Cursed villages and similar disreputable areas are a trait that comes naturally with their presence. They often made it difficult or dangerous for the people to leave an area until it was convenient for them. No few outsiders finding groups of people acting strange or doing unseemly things were due to the control of the Rattlesnake Kings, their sly venoms coursing along with hidden commands through the affected populace. They still do this in the modern era among more isolated towns and communities, on reservations if they can keep well hidden.

    In the larger cities where Kindred are more numerous and their presence more likely to be noticed by others of their ilk, they often pose as Lords; Ventrue, despite finding distaste in the assumption that they are as common as some foulness from across the ocean. Distant relatives, perhaps, but when able they prefer to distinguish themselves from the foreign blooded commoners they do with all pomp and circumstance they can. When not, they simply move among them and purvey whatever agendas they wish, clan be damned, acting more openly and freely with ample feeding stock and the modern glitz of cities even as they remain occulted and subtle among the mortals. They're by no means so proud that they won’t lie if it suits their purposes to be seen as the would be Lords from overseas.

    They still keep their venomous sorcery hidden; they know that some of the indigenous vampires also practice it outside of their ranks, but like much of the European Covenant’s assumption of the indigenous Kindred’s extinction, they prefer to keep it an unknown advantage, a legend at best to strike unseen and unnoticed. It is rarely taught to outsiders; they do not spread knowledge of it, though there is the rare Kindred they tutor once a strong level of trust (if not vinculum) is established, particularly if they’re one of the indigenous vampires seeking some edge against the newcomer lineages, something to remind them that they are still visitors regardless of how long they've’ve been squatting in their territories.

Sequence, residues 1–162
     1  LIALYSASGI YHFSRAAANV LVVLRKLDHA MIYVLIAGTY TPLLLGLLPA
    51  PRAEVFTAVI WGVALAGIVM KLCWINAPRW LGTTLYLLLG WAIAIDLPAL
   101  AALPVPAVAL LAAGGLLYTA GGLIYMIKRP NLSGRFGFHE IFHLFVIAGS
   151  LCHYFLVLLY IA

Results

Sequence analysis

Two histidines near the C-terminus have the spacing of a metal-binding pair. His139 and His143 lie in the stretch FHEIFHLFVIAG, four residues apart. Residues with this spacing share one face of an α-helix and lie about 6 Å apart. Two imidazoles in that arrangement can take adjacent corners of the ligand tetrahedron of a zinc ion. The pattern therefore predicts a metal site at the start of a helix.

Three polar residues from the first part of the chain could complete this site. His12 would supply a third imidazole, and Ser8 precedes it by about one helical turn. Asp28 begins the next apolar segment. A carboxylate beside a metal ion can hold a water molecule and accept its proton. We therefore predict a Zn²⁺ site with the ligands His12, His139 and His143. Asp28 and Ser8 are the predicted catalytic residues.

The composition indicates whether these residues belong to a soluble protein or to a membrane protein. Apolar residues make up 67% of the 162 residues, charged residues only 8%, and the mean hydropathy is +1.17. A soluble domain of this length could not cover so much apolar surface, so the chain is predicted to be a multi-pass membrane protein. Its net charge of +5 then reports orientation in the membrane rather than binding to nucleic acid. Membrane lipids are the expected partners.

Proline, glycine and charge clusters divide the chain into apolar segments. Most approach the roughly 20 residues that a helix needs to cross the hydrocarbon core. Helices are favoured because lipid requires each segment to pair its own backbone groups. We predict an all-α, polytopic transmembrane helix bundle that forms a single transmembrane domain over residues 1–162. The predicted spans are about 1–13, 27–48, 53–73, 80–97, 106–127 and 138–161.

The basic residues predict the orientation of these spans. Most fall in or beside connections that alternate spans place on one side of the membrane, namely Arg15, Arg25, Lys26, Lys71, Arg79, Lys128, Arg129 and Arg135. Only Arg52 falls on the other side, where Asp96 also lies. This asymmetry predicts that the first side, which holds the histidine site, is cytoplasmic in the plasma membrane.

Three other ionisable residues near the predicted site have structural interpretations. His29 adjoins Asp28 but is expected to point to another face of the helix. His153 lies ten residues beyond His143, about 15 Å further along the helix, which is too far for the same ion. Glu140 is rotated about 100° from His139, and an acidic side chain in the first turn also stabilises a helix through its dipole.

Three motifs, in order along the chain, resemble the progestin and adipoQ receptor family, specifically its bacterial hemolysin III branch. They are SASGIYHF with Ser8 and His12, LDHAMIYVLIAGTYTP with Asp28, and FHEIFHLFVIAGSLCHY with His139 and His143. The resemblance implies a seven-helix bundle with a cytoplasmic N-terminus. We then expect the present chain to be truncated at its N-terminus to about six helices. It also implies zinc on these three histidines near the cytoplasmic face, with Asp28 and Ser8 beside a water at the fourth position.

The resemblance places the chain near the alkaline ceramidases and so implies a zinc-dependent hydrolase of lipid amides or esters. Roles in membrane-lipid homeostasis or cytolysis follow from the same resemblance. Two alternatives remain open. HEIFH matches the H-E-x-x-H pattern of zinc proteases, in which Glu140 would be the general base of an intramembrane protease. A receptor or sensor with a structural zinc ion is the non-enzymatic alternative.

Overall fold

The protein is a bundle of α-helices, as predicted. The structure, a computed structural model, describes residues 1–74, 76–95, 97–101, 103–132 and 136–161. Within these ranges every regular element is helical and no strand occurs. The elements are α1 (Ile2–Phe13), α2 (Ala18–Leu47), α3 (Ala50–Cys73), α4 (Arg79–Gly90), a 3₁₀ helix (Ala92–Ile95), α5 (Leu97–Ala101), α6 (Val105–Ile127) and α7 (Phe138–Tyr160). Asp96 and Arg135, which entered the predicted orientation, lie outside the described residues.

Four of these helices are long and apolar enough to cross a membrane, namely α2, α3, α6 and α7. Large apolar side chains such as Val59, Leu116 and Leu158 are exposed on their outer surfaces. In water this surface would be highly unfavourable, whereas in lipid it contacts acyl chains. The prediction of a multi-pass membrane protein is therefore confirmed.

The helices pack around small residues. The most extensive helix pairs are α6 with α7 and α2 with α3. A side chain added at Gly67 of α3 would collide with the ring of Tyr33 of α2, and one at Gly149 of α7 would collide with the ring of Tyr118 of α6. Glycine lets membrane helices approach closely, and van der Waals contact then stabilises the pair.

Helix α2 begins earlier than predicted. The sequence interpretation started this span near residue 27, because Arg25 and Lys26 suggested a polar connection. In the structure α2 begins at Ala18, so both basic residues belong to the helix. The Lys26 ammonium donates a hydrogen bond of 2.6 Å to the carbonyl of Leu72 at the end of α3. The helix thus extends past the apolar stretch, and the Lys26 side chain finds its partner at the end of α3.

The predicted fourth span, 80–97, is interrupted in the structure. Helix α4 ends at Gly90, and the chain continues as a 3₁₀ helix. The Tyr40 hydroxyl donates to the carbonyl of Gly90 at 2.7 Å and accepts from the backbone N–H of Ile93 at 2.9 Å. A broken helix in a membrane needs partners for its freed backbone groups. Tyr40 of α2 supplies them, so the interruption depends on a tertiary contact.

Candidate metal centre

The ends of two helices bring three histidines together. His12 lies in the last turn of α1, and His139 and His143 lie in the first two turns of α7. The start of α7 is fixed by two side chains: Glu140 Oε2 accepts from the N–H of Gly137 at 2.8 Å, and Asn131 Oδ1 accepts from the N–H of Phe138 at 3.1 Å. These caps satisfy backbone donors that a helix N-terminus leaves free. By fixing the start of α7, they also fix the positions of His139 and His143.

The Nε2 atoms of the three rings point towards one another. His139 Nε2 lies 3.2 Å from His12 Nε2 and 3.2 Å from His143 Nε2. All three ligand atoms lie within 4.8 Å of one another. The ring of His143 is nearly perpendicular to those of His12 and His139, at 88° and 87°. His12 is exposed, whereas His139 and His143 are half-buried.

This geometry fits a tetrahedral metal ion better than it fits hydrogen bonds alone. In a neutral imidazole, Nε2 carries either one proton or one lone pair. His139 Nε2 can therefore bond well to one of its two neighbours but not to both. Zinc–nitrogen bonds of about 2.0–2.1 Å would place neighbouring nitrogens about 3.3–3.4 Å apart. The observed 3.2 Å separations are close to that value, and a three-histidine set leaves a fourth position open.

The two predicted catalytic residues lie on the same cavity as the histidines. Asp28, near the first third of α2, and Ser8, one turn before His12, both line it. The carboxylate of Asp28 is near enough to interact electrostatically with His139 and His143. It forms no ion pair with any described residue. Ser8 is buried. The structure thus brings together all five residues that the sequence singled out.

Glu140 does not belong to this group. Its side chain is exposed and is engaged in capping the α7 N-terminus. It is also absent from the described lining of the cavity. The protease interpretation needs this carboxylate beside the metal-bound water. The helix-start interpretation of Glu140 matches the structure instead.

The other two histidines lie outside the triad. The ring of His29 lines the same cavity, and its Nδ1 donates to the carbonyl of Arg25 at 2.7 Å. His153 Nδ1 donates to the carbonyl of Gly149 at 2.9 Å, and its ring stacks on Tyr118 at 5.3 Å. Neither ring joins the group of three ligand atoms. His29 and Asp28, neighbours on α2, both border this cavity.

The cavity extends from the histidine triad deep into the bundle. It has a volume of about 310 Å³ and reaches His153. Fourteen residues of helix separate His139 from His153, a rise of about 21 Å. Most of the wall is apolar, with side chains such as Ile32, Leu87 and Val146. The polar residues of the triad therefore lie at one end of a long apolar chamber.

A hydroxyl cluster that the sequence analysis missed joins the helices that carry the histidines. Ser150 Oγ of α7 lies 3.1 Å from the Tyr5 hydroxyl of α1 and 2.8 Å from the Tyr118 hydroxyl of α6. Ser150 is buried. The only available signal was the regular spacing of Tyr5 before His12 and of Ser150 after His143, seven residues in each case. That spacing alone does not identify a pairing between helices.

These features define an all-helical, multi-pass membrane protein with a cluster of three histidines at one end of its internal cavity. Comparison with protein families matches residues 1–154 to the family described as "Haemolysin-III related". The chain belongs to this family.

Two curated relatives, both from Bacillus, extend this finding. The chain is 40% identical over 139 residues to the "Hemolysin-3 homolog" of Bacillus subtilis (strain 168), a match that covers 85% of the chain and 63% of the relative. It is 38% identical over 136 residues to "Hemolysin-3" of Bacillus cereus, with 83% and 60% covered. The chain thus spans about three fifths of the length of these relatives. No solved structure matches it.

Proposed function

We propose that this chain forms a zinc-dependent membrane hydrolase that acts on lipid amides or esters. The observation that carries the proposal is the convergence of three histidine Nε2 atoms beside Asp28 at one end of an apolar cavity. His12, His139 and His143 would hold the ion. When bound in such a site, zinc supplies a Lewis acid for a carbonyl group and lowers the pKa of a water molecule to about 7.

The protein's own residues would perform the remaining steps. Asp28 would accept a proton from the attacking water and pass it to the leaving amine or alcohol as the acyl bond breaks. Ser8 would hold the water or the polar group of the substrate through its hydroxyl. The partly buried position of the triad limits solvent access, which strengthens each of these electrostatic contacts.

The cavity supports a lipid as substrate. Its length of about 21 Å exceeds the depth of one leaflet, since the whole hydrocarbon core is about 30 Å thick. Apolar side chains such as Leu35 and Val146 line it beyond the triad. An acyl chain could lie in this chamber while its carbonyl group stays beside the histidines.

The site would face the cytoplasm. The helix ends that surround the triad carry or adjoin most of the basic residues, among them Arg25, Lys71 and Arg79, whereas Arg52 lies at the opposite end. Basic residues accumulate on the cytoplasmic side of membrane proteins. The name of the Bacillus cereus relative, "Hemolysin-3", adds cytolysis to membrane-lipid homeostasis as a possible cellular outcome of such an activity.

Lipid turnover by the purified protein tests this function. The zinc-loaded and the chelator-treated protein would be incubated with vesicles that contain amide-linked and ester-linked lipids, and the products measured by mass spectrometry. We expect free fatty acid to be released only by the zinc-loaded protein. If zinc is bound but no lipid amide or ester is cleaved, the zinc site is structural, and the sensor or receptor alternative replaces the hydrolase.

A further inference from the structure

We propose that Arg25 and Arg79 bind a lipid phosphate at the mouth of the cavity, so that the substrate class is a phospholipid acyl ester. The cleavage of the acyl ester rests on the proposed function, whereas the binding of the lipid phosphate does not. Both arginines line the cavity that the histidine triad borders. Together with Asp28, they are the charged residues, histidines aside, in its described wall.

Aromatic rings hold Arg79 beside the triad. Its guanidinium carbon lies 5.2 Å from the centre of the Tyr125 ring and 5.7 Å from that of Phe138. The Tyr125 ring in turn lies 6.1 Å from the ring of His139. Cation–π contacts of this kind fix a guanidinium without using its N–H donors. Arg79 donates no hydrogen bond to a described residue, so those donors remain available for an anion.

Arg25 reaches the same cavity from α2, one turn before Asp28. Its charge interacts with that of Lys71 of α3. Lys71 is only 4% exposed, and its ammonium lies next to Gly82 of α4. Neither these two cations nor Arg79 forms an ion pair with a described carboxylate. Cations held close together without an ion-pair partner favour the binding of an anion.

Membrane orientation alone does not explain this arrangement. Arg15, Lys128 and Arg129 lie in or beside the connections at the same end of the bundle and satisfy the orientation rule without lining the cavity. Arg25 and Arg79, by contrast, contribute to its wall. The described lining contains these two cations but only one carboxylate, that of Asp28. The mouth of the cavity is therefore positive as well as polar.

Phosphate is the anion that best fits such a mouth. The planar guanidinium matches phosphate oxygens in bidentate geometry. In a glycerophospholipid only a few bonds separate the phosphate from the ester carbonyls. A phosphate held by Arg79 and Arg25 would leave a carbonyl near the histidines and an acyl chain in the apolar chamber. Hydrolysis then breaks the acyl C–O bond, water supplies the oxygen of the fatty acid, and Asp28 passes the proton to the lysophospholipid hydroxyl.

They integrate, the venomous snake in the midst of the newcomers. In areas where they are more numerous with larger broods, they may strip away the mystery and pretense and move more overtly, at least among the Kindred when they are found out. Why hide then? Better to be feared, and that is when they generally become much more vicious, resuming their place like dark mystics of their history, rattling their figurative tails in warning should they be crossed. When they gather, they make no pretense of being harmless; whatever Covenant they throw their lot in others can expect to tread lightly around them lest they strike.

    Parent Clan: Ventrue

    Bloodline Disciplines: Animalism, Dominate, Obfuscate, Resilience with access to Piscipowin (A modified Merges Sorcery) as an Out-of-Clan.

    Bloodline Weakness: Ventrue Clan Bane of first Touchstone at Humanity 7; they're adept manipulators but also callous and prone to detachment from the mortal herds. In addition, Rattlesnake Kings find their powers of mental control and influence on others more tenuous without a tangible connection to the victim; Dominate, Obfuscate, Majesty and similar powers reliant on overt mental or emotional influencing suffer a penalty to their rolls equal to half their Blood Potency (rounding up) if the Rattlesnake King doesn’t possess an item of the victim; it could be a lock of hair, blood, even a ring or a gift offered to the Rattler, creating a bond through the exchange.

    Nickname: Rattlers; The Poisoners of Words

    Werewolf: the Forsaken Overhaul: A W:tF Shard and House Rules, Pre-Idigam Chronicles and taking different route. Constantly being Updated.
    New Bloodlines and Blood and Smoke Updates: Homebrew Bloodlines and updates to prior ones.
    Belial's Brood Blood and Smoke: An updated take on the Forsworn.

  • #2
    And with them, the Middle Eastern Wild Ones, Succubi and Incubi:

    The Lamashtu

    Parent Clan: Daeva or Gangrel